A Refusenik Who Suffers from Cancer Has Allegedly Been Given Permission to Go to the U.S. for Treatm
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A Refusenik Who Suffers from Cancer Has Allegedly Been Given Permission to Go to the U.S. for Treatm

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Refusenik Rimma Bravve of Moscow, who is suffering from ovarian cancer, has allegedly received permission to leave for the United States, where she can be treated for her illness.

However, although this information was publicly announced last Thursday in Vienna by the Soviet Ambassador to the Helsinki Review meetings, Viktor Kashlev, neither Bravve herself nor her husband, Vladimir, have been told of the decision, according to her sister, Larisa Shapiro, a Soviet emigre who lives in Rochester, NY.

Shapiro was notified of the public announcement Thursday by the U.S. Ambassador to the Vienna talks, Warren Zimmerman, and by Sen. Alfonse D’Amato (R. NY), who has been in contact with Zimmerman and is trying to assist Shapiro in getting her ailing sister to the U.S.

Shapiro said she had been told by D’Amato that it was a “normal situation” to have a third party announce the granting of a visa while the actual recipient hadn’t been notified.

The 32-year-old Bravve’s medical condition is tenuous — her sister described her as being in the last stage of the cancer.


Kashlev made the announcement as part of a speech before 36 delegates to the talks, saying that Bravve and her husband received exit visas Wednesday. But Vladimir Bravve, speaking with Shapiro by telephone both on Thursday and Saturday, said the couple had not yet received visas.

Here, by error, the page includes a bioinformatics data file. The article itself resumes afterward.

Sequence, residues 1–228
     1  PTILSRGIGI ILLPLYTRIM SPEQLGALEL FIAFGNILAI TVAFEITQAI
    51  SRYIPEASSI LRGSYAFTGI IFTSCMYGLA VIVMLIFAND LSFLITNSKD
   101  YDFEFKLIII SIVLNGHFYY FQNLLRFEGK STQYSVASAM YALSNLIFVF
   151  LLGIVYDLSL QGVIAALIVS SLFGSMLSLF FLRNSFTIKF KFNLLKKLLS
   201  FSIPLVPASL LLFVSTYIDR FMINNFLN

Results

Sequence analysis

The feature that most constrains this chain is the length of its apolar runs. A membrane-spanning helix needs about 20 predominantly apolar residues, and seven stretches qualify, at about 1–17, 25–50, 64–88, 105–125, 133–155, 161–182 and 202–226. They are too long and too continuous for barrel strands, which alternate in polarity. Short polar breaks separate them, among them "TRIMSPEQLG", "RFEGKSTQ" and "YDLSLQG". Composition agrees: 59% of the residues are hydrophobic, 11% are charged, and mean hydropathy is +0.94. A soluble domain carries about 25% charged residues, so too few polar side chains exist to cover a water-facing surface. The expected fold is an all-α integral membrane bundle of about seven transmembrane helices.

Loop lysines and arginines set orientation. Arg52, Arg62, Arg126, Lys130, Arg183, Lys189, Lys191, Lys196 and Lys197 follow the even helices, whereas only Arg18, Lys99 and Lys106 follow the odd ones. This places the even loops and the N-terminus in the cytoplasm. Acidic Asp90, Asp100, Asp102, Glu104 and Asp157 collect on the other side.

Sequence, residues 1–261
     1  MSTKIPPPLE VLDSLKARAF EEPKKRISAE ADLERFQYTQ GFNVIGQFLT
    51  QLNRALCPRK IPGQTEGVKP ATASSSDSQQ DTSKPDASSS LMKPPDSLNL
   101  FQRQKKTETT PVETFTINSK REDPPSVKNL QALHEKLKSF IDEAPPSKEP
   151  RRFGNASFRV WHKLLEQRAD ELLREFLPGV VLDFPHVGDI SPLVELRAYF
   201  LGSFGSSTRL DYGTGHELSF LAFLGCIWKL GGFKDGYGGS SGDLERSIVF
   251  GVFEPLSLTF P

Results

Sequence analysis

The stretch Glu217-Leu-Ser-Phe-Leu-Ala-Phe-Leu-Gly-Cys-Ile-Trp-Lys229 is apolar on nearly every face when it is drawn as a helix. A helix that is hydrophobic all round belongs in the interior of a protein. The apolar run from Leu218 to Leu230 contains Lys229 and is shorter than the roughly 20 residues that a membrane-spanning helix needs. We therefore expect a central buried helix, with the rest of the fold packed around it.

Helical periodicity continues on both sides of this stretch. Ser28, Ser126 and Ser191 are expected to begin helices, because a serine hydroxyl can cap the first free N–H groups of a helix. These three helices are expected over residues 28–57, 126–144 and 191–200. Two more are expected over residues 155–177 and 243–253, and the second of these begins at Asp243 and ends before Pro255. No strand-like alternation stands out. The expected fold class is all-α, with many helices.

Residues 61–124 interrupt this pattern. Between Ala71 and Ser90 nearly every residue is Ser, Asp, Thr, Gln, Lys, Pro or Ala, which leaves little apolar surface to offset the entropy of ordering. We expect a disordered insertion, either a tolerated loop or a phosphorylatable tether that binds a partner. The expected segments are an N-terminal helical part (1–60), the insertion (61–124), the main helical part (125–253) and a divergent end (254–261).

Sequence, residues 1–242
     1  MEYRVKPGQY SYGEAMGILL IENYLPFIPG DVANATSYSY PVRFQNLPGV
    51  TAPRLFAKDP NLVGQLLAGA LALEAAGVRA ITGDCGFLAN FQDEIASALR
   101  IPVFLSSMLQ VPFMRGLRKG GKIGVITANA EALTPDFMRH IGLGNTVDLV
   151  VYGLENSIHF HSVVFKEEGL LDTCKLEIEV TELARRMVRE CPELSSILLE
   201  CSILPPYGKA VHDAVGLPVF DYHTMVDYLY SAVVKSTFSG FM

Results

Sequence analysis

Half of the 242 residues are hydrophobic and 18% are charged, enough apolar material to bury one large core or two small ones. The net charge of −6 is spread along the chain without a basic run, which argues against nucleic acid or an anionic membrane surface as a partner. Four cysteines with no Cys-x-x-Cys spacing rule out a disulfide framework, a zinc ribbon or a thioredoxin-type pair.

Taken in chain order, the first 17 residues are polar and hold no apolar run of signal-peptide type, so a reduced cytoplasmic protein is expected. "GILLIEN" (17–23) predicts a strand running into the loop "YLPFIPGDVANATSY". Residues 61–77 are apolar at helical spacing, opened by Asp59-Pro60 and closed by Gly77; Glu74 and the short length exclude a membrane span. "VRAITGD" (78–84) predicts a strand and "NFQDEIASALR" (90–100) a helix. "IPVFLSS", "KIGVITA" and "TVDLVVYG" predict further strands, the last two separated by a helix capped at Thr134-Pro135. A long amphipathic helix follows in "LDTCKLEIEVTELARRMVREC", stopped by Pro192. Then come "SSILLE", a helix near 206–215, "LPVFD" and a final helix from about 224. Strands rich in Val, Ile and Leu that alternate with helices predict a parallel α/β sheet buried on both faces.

Vladimir went to the OVIR emigration office and to the Central Bureau of the Communist Party in Moscow Friday, where he was told the decision was not yet made. He left letters in both places saying that the granting of visas had been announced in Vienna.

Shapiro recently returned from Vienna, where she went with her mother, Khanna Anbinder; Leon Charney, brother of Benjamin Charney, another Moscow refusenik cancer patient; and Dr. Gerald Batist, a Montreal oncologist deeply concerned with the plight of Soviet Jewish cancer patients who have been refused visas and are in desperate need of advanced treatment techniques available in the West.

The group, who spoke on behalf of their families as well as all the refusenik cancer patients, pushed for Bravve’s immediate transfer to New York for an experimental treatment for her form of cancer which is available at the Mt. Sinai Hospital here. A Mt. Sinai oncologist, Dr. Howard Bruckner, told Batist he would make his services available to Bravve without cost.

Batist organized the International Cancer Patients’ Solidarity Committee and visited Bravve and Tatiana Bogomolny in Moscow in March. (Bogomolny got her exit visa in September and is now in San Francisco, being treated for breast cancer). Batist issued a televised appeal Friday to industrialist Armand Hammer to fly Bravve out of Moscow. Hammer succeeded in October in obtaining the release of long-time refusenik David Goldfarb, who was hospitalized in Moscow, and flying him to the U.S. on his private jet.


Shapiro told the Jewish Telegraphic Agency Sunday that her sister was “very, very excited” about her prospects of leaving. Rimma Bravve’s story is particularly upsetting in that she and her husband were in possession of not only visas but airline tickets to the U.S. in 1980. The couple, who first applied to emigrate in February 1979, received visas in December 1979.

Shapiro told JTA the Bravves were supposed to fly out of Moscow on January 17, 1980, but that 7 days earlier they were called to OVIR to surrender their visas for “clarification” and were told they would receive them back “immediately.” They never did. The reason given to them, two months later, was that Vladimir’s father used to have a security clearance at his job prior to his retirement in either 1978 or 1979.

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